Those of you who bake will understand this. In spite of following a recipe, sometimes the dish just doesn’t come together. I remember the first time I tried to make bread. This was during the hey-day of Laurel’s Kitchen. I went to the local health food store, bought my whole wheat flour, yeast, and headed back to the kitchen.
I thought I followed the recipe. Without the benefit of YouTube, TikTok or other virtual platforms, I put all my ingredients into the bowl, mixed ‘em up, and covered the bowl to let it rise. I returned after a while only to uncover a ball of goup that hadn’t risen because I had killed the yeast.
Lesson learned! – Next time I got the dough to rise, learned how to really knead it, put it in the bread pans, baked them and out came two door stops – just solid clumps of baked whole wheat. Moral of the story? Learning how to bake bread takes patience, experimentation, and a willingness to put up with mistakes.
I’ve since become pretty good at putting a loaf of bread together. I am also a fair home cook. I am willing to experiment with different ingredients, and I absolutely love watching cooking shows. I take what I know, apply what I’ve learned, and try new things to see how they taste. Every so often I blow it completely. Then I am faced with deciding whether to toss the whole thing out and start over or see if I can come up with something to save what I have.
Recipe for a Democracy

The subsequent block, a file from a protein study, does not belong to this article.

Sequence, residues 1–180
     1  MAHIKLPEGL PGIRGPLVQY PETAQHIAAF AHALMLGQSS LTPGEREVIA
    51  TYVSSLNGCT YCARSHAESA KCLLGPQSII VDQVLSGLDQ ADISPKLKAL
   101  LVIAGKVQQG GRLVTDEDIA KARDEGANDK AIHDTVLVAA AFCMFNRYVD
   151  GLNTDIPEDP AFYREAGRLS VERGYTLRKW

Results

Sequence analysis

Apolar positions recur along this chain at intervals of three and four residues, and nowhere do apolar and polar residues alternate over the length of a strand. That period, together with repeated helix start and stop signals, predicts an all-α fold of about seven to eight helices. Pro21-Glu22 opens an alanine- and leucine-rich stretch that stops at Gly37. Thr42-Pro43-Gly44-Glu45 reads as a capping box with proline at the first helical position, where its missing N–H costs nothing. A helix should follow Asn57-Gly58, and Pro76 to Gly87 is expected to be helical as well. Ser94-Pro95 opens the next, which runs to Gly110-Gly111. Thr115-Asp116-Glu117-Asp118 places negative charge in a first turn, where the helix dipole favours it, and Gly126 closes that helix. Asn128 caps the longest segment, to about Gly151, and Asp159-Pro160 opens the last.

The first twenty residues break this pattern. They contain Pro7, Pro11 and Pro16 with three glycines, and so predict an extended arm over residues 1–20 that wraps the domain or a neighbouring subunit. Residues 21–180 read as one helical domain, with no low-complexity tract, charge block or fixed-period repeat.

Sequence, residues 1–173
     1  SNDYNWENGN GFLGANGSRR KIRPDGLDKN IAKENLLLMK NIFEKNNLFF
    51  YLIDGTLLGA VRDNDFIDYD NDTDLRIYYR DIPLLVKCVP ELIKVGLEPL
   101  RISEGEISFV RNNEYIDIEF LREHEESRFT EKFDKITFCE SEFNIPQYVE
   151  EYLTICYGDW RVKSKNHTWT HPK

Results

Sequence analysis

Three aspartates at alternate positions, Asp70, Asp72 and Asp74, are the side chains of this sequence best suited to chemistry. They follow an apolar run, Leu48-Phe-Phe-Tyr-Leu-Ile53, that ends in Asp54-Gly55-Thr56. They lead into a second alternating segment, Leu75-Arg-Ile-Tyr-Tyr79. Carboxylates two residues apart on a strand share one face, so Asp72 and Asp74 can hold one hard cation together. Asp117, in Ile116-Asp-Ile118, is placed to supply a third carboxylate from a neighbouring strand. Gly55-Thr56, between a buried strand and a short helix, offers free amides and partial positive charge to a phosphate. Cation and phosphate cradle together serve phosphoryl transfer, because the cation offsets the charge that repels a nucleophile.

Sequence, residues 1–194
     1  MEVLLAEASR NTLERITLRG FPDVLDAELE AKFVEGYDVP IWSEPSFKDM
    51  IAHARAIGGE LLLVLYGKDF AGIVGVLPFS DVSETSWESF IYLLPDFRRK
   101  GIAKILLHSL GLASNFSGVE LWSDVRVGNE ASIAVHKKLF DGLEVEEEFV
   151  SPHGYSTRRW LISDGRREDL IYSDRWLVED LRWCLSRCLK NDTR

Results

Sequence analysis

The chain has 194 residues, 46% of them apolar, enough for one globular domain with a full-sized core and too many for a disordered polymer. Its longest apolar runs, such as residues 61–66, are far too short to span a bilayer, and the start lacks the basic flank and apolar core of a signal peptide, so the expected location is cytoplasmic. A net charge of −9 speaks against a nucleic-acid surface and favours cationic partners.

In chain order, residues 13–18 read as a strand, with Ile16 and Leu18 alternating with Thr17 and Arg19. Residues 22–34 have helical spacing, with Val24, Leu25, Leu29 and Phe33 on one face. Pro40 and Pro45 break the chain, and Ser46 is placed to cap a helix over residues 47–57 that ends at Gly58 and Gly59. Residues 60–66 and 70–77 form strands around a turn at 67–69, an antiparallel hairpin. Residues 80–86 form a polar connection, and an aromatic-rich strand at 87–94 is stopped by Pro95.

Democracy is a lot like making bread. There are lots of different recipes out there, but all require that different ingredients be mixed together, kneaded, allowed to rise, and then put to the test to see if everything comes together to produce a source of nourishment.
The American Loaf has undergone changes over the years. New ingredients have been introduced. Tried and true methods of baking have stood the test of time, but are now being challenged. New bakers have new ideas and want to try new methods, while there are those who prefer the loaf they grew up with.
Not Everybody Knows How to Bake a Loaf of Bread
In this day and age of convenience, there are a lot of people who don’t know the first thing about baking a loaf of bread. It is not about being ignorant; it’s just that other’s have made the bread already and it is more convenient to just go a buy a loaf.
But here’s the problem. Sometimes the things we take for granted as always being there disappear. Suddenly we realize that a lot of effort goes into making bread and if we don’t know how to do it, we will go hungry. We turn to one another, really wanting a good loaf of bread, but we have no idea how to go about making it.
Bakers to the Rescue
In these instances, we turn to experts. Understandably, we expect them to step into the breach and meet our needs. The problem here is that there are lots and lots of folks who say they are expert bakers, but turns out, they may be making that up. So, we turn to friends or trusted sources who share their opinions of who makes the best kind of bread; the kind of bread we like.
This ends up with conflicting information being shared over and over again, and we start to doubt what people are saying. Worse still, because we don’t really know how to make bread, we can’t be sure that what people are telling us is true, and we begin to believe that our worst fears will come to pass.